On March 31, the legislature debated and ratified two international conventions. Such an event would be big news in more enlightened countries, but only one of Taiwan’s Chinese-language newspapers reported on it, and that report was rather short. In writing this article, I want to compensate for this puzzling omission.
The two conventions that the legislature approved are the International Covenant on Civil and Political Rights and the International Covenant on Economic, Social and Cultural Rights, which, together with the Universal Declaration of Human Rights, are the three most important global human rights agreements.
These UN conventions are regarded as parent laws on which the human rights practices of UN member states are largely based. As such, they are of great importance and have been signed by more than 150 countries to date. For each signatory state, putting international treaties and conventions into effect is in general a three-stage process. First, the treaty is signed by the country’s representative, then it is ratified by the legislature and signed into law by its head of state, and finally it is deposited into the custody of the UN Secretariat. Although Taiwan signed these two conventions in 1967, the rest of the process ran up against various obstacles and was not completed until now, 42 years later.
The first obstacle was the attitude of Taiwan’s former authoritarian government, which had deep misgivings about completing the ratification process. As with a number of other human rights-related conventions, the ink on the covenants was hardly dry before they got locked away in the Ministry of Foreign Affairs’ filing cabinet.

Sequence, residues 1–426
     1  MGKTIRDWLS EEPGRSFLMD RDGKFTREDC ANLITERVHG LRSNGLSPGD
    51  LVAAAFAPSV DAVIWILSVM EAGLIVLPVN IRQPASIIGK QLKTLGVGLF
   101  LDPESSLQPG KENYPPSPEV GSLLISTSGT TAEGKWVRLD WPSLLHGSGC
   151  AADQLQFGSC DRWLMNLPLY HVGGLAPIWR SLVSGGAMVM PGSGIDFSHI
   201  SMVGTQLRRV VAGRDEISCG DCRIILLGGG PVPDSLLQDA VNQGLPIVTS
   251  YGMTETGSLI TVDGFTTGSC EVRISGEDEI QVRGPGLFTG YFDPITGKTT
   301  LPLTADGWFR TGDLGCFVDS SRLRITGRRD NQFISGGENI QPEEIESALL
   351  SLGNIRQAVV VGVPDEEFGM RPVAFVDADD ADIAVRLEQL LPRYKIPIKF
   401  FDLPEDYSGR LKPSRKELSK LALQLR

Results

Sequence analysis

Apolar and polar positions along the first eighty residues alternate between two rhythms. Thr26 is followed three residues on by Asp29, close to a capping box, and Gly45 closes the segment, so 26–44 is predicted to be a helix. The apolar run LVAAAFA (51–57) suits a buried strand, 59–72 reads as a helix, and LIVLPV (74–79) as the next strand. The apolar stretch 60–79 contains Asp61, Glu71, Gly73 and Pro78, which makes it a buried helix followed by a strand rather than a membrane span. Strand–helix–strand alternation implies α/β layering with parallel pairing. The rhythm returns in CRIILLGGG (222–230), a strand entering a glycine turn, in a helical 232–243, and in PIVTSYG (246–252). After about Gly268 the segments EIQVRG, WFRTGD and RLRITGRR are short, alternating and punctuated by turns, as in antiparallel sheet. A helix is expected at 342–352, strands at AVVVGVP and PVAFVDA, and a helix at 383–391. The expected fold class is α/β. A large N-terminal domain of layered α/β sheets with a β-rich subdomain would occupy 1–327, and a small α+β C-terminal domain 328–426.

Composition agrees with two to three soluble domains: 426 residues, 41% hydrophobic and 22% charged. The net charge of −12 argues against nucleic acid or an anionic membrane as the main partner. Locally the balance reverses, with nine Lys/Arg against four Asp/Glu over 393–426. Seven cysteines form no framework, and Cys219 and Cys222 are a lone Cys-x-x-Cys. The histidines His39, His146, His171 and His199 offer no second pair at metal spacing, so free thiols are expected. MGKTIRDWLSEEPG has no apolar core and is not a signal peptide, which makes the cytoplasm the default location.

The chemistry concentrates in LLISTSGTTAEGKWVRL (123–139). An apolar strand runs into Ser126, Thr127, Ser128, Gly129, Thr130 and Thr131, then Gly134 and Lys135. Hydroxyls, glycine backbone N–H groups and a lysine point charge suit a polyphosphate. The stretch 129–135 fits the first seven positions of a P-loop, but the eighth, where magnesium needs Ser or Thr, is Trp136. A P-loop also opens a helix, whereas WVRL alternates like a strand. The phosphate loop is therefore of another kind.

After Taiwan withdrew from the UN in 1971, the conventions were forgotten by the government and the public. Not until the 1990s were they unearthed by some civic groups, which started to push for their ratification. Although previous governments were asked to proceed with the ratification process, no results were seen in more than a decade, over which time there were three general elections.
Now the two human rights conventions have finally been approved by the legislature. There are several reasons to celebrate.
First, the ratification is a breakthrough from the previous situation, in which two successive administrations called for the conventions to be ratified but the legislature had reservations on three major clauses. Legislators also sought to modify the text regarding self-determination that features in both covenants to the effect that peoples should be able to “declare” this right rather than actually exercise it.
It should be noted that China’s legislature did not make such changes in wording when it ratified the International Covenant on Economic, Social and Cultural Rights. Now Taiwan’s lawmakers have ratified the conventions without reservation — undeniably a sign of progress.
Second, and more importantly, the legislature did not just approve the conventions, but also passed a law on their implementation, clearly ruling that they will have legal effect domestically whether they are deposited with the UN or not. The enforcement law gives priority to providing funds for implementation, and gives all levels of government two years in which to review their laws, regulations and practices and to amend or reform those that do not comply with the covenants. This sets a precedent for Taiwan’s ratification of and accession to other international conventions.